One of the most profound, deeply affecting questions we face as human beings is the matter of our mortality--and its connection to immortality. Ancient animist ghost cultures, Egyptian mummification, late Jewish hopes of resurrection, Christian eternal salvation, Muslim belief in...
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One of the most profound, deeply affecting questions we face as human beings is the matter of our mortality--and its connection to immortality. Ancient animist ghost cultures, Egyptian mummification, late Jewish hopes of resurrection, Christian eternal salvation, Muslim belief in hell and paradise all spring from a remarkably consistent impulse to tether a triumph over death to our conduct in life. In After Lives, British scholar JohnCasey provides a rich historical and philosophical exploration of the world beyond, from the ancient Egyptians to St. Thomas Aquinas, from Martin Luther to modern Mormons. In a lively, wide-ranging discussion, he examines such topics as predestination, purgatory, Spiritualism, the Rapture, Armageddon andcurrent Muslim apocalyptics, as well as the impact of such influences as the New Testament, St. Augustine, Dante, and the Second Vatican Council. Ideas of heaven and hell, Casey argues, illuminate how we understand the ultimate nature of sin, justice, punishment, and our moral sense itself. The concepts of eternal bliss and eternal punishment express--and test--our ideas of good and evil. For example, the ancient Egyptians saw the afterlife as flowing from ma'at, a sense of being inharmony with life, a concept that includes truth, order, justice, and the fundamental law of the universe. "It is an optimistic view of life," he writes. "It is an ethic that connects wisdom with moral goodness." Perhaps just as revealing, Casey finds, are modern secular interpretations of heaven and hell, ashe probes the place of goodness, virtue, and happiness in the age of psychology and scientific investigation. With elegant writing, a magisterial grasp of a vast literary and religious history, and moments of humor and irony, After Lives sheds new light on the question of life, death, and morality in human culture.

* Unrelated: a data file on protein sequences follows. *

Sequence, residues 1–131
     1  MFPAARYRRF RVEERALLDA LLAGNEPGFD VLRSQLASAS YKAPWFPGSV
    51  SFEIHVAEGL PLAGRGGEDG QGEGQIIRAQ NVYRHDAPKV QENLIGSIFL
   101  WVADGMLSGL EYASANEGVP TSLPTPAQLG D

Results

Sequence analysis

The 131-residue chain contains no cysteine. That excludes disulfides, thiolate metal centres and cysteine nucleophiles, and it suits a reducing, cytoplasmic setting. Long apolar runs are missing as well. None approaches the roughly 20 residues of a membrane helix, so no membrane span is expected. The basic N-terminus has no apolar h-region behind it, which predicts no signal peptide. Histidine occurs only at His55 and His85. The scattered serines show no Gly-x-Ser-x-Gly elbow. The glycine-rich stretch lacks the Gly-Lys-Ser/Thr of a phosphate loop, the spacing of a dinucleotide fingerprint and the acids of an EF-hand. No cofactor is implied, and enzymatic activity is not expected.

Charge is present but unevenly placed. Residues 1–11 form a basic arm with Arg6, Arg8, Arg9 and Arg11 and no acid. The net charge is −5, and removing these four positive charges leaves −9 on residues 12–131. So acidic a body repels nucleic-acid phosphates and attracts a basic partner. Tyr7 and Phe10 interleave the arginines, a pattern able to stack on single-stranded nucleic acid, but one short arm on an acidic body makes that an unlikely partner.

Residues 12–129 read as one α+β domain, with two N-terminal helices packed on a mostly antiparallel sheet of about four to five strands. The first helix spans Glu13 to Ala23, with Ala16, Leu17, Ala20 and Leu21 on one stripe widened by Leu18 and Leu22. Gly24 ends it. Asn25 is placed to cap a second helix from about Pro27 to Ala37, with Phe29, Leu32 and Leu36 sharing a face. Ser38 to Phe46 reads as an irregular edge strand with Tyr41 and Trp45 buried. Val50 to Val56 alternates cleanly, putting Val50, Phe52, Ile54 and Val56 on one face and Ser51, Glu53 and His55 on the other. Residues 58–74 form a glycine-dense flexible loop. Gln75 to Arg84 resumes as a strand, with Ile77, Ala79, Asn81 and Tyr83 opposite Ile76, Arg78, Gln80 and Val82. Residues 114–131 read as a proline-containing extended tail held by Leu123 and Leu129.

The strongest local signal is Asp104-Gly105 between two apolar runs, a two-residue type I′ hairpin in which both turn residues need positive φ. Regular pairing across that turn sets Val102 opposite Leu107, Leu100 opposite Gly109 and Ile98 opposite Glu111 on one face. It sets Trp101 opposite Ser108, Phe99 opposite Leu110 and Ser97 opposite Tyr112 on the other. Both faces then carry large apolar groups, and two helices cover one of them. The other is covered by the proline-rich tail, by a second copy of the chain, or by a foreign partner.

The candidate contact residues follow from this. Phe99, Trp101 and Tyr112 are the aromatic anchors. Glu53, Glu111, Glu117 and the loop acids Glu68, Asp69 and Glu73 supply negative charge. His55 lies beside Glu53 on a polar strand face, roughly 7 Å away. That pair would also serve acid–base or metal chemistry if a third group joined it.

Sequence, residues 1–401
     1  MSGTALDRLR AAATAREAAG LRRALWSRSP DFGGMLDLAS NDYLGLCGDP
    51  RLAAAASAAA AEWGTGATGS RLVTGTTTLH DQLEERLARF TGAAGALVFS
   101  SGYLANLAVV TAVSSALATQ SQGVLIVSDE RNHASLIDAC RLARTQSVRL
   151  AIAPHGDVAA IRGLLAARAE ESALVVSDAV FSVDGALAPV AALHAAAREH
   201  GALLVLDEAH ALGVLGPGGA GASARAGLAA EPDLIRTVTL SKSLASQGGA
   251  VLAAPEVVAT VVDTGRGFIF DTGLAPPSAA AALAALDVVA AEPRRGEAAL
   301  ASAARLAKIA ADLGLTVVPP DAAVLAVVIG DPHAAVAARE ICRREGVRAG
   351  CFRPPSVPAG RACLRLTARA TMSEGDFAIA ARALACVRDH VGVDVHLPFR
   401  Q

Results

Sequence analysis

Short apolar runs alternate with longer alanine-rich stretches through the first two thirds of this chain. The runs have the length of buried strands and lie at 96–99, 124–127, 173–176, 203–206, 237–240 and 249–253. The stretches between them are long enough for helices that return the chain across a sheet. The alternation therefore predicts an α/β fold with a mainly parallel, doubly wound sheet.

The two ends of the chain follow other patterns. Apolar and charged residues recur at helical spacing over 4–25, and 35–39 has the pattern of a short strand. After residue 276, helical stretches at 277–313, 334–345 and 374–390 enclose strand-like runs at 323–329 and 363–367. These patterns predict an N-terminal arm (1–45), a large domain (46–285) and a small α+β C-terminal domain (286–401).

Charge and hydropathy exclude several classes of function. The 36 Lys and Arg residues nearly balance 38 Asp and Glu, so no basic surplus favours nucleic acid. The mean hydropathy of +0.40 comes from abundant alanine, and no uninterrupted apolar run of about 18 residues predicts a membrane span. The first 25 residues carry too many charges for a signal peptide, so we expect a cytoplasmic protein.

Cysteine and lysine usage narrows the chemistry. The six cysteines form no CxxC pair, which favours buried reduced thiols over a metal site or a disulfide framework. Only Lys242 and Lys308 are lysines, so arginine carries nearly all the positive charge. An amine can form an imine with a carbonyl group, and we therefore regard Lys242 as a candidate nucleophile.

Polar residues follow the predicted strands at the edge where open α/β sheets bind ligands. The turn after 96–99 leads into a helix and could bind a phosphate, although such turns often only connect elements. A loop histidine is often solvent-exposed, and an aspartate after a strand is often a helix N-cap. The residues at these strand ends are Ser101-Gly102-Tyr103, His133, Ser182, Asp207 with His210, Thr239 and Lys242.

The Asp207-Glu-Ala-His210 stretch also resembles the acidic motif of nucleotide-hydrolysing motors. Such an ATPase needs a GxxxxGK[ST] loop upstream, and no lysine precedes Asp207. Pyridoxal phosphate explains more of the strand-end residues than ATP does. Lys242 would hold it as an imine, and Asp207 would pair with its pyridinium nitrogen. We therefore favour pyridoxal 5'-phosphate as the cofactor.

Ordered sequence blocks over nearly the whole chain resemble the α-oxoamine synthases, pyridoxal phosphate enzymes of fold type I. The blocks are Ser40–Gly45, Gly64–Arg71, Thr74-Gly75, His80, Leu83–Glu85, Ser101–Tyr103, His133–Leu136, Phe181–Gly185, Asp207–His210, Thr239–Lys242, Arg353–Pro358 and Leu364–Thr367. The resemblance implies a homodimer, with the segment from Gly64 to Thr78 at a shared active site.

John Casey was born in 1939 in Worcester, Massachusetts. Educated at Harvard College, Harvard Law School, and the University of Iowa, Casey is a Professor of English at the University of Virginia. Casey's novel Spartina, a classic tale of a man, a boat, and a storm, won the National Book Award in 1989. In his second novel, The Half-life of Happiness, published in March 1998, Casey takes the reader on a journey to Charlottesville, where a successful forty-something lawyer has to deal with the breakup of his marriage amidst a run for a seat in Congress. Casey lives in Charlottesville, Virginia.
- Part 1 ; Prologue ; 1. After Lives ; 2. Egypt ; 3. Mesopotamia And Israel ; 4. Greece And Rome ; 5. The Christian Beginnings ; 6. Dante: Inferno ; 7. Predestination: Augustine To Calvin And Beyond ; 8. The Decline Of Hell ; Part Ii ; 9 ; Heaven ; 10. Heaven: Egypt, Mesopotamia, Israel ; 11. Bodies Fleshly And Spiritual ; 12. Dante: Paradiso ; 13. Celestial Pleasures: Renaissance And ; Reformation Heavens ; 14. Heavenly Speculations ; 15. Heaven Seen And Heard: Swedenborg ; 16. With Easy Intercourse Pass To And Fro ; 17. Scoring In Heaven